The very beginning of the bicycle finds its roots in 1817 when a German baron Karl von Drais came up with the idea of a ‘horseless carriage’ so as to get around faster and not depend on a steed. the two-wheeled, pedal-less vehicle was propelled by pushing the feet against the ground. It came to be known as the ‘draisine’ and was the very first step towards the creation of the modern-day bicycle.
Around the globe in 1935
There are now a lot of names that have circumnavigated the globe on two wheels but being 25 and in 1935, it was rather a feat even larger for Fred A. Birchmore. His trip from Europe, Asia and the US covered 64,000 km. Of these many, many kilometers, he pedalled 40,000 and the rest were by boat. He used seven sets of tyres throughout the trip.
The term ‘bicycle’
Have you seen greyscale photos of a bicycle with a massive front wheel and a small rear one, which is now perhaps only seen in circuses? Called the ‘high wheel bicycle’, it was popular in the 1870s. However, the term ‘bicycle’ was introduced in the 1860s in France to describe a new type of two-wheeler with a mechanical drive.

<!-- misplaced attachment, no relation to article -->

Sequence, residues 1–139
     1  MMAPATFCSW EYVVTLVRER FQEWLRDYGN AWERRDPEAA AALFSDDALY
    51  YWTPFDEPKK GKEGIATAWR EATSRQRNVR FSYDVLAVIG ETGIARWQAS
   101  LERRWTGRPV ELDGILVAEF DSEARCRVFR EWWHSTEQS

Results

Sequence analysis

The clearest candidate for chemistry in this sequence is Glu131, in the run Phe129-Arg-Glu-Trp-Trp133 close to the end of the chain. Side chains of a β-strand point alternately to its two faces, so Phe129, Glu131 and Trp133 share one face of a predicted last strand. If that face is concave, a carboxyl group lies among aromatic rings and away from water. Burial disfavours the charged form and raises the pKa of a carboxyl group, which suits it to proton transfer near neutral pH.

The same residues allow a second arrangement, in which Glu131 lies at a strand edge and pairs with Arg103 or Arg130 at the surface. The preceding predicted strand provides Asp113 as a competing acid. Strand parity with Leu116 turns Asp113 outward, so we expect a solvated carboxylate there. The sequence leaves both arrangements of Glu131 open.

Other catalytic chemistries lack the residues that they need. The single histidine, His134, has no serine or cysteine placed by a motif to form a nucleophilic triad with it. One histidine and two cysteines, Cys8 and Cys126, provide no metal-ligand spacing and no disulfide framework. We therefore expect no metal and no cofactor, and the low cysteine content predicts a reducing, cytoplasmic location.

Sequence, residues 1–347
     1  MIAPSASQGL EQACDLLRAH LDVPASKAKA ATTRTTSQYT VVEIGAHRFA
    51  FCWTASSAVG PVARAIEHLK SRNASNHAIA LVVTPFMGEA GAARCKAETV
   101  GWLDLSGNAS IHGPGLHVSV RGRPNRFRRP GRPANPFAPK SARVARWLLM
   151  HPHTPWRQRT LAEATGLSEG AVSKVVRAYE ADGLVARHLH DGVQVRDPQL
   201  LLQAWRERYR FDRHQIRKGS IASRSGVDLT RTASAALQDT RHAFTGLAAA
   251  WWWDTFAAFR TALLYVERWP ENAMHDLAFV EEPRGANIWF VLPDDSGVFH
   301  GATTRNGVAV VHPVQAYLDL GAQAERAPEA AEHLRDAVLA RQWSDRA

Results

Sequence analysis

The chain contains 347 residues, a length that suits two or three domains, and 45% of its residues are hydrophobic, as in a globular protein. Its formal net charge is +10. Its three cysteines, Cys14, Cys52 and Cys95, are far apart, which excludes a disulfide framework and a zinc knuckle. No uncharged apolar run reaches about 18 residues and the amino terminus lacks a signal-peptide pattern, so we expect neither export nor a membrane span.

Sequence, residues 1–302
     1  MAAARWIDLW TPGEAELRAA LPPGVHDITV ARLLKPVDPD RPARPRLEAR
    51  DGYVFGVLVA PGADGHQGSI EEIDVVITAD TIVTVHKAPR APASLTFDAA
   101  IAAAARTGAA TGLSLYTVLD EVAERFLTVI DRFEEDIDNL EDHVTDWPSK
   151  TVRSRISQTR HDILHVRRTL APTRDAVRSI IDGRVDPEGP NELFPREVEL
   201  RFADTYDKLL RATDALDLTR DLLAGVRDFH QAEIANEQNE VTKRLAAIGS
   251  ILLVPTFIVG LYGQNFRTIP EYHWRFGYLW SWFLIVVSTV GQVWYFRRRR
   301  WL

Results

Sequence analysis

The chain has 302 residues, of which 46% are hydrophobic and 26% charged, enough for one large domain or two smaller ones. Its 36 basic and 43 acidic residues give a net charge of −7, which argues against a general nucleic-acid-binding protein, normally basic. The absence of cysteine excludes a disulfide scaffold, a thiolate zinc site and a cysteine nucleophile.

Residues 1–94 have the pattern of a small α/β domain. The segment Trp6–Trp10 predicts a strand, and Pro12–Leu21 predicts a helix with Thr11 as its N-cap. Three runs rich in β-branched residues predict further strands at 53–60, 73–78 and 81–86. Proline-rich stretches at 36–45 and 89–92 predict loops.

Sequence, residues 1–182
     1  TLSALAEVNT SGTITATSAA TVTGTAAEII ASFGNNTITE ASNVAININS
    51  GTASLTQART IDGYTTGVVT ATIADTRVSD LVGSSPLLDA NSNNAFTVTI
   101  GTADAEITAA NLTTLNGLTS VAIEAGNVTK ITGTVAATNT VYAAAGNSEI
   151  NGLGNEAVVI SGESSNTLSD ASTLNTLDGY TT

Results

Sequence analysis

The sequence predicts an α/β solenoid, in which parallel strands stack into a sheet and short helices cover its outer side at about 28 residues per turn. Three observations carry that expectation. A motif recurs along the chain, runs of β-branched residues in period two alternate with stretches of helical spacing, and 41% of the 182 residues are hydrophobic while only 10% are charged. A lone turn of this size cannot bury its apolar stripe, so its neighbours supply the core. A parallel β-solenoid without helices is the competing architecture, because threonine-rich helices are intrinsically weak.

Tour de France
We’ve all heard of the premiere bicycle sporting event but did you know that it’s been going on since 1903? It is one of the most famous bicycle races in the world and is considered to be the biggest test of endurance among several sports.
Mechanical horses that learnt to fly
The bicycle was the very first step mankind took away from dependence on carriages pulled by animals. Cyclists on ‘mechanical horses’ could ‘fly’ at an altitude of five feet or so which was way faster than horse carriages. So, they had no need to actually fly. A Fast Company report quotes a magazine editor in 1894: “There be steeds that neither eat nor drink, yet Bucephalus in all his glory could not go as fast or as far as they. Shall we presently fly? Why fly? Surely we are going fast enough now.”
Plus, in the early 20th century, many in the scientific community insisted that a true flying machine was physically impossible. However, while the bicycle was in an obvious way the first step to motorcycles as an engine was bolted to one and tested, it was also where the thirst and learning for flying came from.
The bicycle maker Charles Duryea designed a pedal-powered helicopter, though he probably never built it. Orville and Wilbur Wright, the brothers who built the first flying airplane, operated a small bicycle repair shop in Dayton, Ohio. They used their workshop to build the 1903 Wright Flyer.